What is a sales or customer traffic forecast?
It is important to get your sales forecast right, and key to providing consistent exceptional customer service. If your forecast is right you can match staff levels to the customer demand. This will also lead to converting on all revenue opportunities.
Sales forecasting is done by projecting your future sales and customer traffic based on historical data.
The ingredients for generating the right sales forecast are:
- Historical source data – typically sales and a measure of customer count (e.g. transactions, items, orders)
- Understanding your growth index
- Know why and how to use a rolling average
- Consider external conditions that will impact your customer traffic.
Knowing the above is not so simple. Do you have immediate access to this information allowing you to make quick decisions without going to multiple resources?
In the customer service industry it is important to know your usual customer demand down to the 30 or 15 minute increment because your customers don’t want to wait more than 15 minutes to be served. Without a good handle on this your wait lines will get too long and potential customers will leave and go next door where the line is short.
The service industry’s challenge is access to the information needed for making timely decisions that lead to excellent customer service without overspending on wages.
1. How do I get ready access to my historical source data?
For restaurants, the best source of data is from your Point of Sales system. This data should feed into your staff scheduling software so that forecasts can be generated for you to schedule against.
ZUUS Dynamic Scheduling integrates with more than 40 POS systems.
For retail, the best source data is sales from your POS plus customer counts from your foot traffic monitoring software. It is critical to know how many people enter your store, not just how much people buy; if you don’t have enough staff on the floor to assist customers coming in you will miss out on revenue opportunities.
Now what do you do with the historical data to turn it into a forecast?
2. How do I figure out my sales growth index?
The most common practices to figure out your sales growth index are to either compare sales this year to last year, or a shorter timeframe comparison like, last months with this month. There are some more complicated models, which we will cover in another blog.
Example: Week 3 2016 sales were $5500, Week 3 2017 are $7300. Divide the sales for same time last year by the sales this year.
7300/ 5500= 1.3x
You have grown by 1.3 times. Hence to forecast for this year, times the same week last year by 1.3.
Keep in mind if you have changed your services, such as major menu changes (added breakfast) or expanded your store, last year’s comparison may not be a good indicator. Instead, some businesses use sales from 2 weeks prior and may add a small growth index if they are seeing week over week sales growth.
You will then apply the sales growth index to the historical sales source data to generate the right sales forecast for you coming schedule period.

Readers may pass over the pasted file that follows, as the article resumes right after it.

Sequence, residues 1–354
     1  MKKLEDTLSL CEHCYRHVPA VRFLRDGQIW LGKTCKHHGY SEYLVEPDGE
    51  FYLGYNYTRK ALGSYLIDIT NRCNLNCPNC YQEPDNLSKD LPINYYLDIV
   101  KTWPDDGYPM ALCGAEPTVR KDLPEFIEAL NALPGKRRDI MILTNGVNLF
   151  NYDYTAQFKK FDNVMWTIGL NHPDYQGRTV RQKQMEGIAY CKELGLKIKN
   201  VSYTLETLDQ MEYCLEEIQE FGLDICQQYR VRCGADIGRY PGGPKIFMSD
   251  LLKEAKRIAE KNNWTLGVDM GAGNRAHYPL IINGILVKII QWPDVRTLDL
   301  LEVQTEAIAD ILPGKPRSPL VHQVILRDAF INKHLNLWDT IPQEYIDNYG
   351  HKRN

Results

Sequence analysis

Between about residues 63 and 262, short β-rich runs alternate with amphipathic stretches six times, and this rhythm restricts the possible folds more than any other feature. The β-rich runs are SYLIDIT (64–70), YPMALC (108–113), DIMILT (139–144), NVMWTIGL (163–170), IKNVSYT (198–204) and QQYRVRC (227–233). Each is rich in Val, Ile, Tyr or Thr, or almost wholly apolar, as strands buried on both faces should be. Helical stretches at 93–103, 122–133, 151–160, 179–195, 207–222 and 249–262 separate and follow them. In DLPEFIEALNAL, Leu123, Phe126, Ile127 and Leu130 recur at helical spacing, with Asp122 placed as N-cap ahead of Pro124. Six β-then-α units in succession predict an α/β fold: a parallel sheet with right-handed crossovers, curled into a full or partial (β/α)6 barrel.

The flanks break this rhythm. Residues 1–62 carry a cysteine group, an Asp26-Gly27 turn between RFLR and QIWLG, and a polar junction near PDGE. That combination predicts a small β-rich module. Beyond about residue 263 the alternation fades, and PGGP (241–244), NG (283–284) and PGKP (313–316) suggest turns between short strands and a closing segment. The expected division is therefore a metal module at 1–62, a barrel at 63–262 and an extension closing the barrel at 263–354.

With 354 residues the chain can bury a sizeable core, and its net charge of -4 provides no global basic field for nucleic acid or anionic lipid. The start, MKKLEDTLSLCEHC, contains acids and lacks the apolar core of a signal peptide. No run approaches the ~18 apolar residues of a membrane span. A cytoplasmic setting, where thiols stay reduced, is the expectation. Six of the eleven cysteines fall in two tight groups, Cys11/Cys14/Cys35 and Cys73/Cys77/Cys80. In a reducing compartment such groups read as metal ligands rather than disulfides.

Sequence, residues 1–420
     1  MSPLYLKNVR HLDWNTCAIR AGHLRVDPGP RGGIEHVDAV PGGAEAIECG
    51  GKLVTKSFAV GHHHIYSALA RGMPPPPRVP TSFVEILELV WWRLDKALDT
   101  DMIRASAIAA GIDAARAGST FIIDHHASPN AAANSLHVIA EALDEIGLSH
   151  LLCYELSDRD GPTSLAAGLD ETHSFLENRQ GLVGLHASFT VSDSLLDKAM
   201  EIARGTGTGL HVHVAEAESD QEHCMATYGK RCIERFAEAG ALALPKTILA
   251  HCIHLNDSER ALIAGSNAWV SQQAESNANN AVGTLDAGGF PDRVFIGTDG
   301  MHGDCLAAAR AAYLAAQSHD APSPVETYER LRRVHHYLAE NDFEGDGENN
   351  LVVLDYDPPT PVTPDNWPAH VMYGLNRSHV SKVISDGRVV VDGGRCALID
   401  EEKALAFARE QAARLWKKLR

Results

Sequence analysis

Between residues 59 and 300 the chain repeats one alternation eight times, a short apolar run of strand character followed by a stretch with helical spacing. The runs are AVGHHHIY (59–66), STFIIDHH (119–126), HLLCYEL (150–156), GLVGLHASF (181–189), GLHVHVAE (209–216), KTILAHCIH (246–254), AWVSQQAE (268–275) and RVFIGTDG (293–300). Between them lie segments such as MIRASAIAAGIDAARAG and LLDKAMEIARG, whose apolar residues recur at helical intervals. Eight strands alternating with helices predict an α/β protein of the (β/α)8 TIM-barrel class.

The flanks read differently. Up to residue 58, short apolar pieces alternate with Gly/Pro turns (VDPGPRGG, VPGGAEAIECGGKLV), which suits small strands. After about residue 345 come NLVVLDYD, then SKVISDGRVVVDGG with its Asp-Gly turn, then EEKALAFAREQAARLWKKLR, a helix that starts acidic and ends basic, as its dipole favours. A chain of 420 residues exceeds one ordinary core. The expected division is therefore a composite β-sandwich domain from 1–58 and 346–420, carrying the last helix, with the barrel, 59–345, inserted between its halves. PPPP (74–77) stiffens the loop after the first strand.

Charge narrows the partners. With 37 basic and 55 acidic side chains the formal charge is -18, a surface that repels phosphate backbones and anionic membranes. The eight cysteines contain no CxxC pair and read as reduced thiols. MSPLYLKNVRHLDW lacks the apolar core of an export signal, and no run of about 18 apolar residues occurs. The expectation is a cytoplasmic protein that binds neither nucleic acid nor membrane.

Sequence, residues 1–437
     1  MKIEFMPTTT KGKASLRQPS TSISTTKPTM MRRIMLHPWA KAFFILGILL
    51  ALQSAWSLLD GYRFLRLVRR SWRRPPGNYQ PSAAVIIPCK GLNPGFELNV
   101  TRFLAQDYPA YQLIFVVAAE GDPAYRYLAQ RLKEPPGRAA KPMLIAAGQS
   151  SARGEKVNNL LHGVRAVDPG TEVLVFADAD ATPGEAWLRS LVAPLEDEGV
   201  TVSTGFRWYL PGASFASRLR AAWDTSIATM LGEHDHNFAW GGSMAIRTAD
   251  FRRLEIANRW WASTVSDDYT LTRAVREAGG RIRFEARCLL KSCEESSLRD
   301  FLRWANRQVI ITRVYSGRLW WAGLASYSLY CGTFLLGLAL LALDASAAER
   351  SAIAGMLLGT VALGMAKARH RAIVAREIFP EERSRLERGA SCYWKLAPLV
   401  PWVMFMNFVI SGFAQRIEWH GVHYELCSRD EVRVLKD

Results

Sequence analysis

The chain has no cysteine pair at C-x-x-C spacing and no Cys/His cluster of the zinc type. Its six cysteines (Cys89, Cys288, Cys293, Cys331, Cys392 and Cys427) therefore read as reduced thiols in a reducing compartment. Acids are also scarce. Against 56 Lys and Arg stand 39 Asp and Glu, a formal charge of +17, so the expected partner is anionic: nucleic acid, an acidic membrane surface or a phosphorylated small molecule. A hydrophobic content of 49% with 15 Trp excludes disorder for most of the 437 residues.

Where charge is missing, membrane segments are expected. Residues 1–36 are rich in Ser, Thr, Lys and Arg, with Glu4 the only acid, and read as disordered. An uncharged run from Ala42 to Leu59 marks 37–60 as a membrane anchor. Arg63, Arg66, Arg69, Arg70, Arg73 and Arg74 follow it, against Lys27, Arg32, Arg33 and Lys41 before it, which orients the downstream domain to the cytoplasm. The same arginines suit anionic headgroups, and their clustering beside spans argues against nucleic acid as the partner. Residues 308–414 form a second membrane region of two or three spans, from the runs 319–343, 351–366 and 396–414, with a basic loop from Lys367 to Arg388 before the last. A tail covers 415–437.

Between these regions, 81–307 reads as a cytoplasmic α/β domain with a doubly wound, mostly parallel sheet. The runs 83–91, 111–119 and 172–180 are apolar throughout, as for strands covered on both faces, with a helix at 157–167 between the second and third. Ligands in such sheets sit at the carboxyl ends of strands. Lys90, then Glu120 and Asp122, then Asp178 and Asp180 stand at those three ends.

3. Should I apply a rolling average (moving average method)?
A rolling average is where you look at a number of previous weeks, such as average the sales between 11am-11:30am on the last three Tuesdays instead of just looking at sales last Tuesday. The reason for doing this is to ‘smooth’ out the bumps, and reduce the impact of an unusually high or low sales period.
Be careful sometimes people average too many or too few weeks and they end up with an error that is higher than their increment. This is an indicator that you should not apply that average period. Experiment with averaging less or more weeks or look at a larger increment, perhaps 30 minutes instead of 15 minutes.
There is no one method that will work for all restaurants and retails stores. Factors such as growth levels, seasonal change on your customer demand, and school holidays have an impact on your customer traffic.
4. The first step of building your staff schedule should be to note what unusual factors might affect your customer traffic
Weather, local events, discount specials can all impact your customer demand. It is very useful to have a default method for forecasting. For example, use my POS sales from two weeks ago and apply a four week rolling average. However, think about what is going to happen in the coming week. Is there a school holiday? If so, it might make sense to base your source data off the last holiday period and then add a growth index rather than your normal default.
If you spend 5 minutes identifying variables that impact your customer traffic before you start to build your shift schedule, with the right scheduling tools you can create the right sales forecast, schedule staff to match this customer demand and you will save 5% labor cost percentage,increase profit and improve customer service – all in under 15 minutes a week!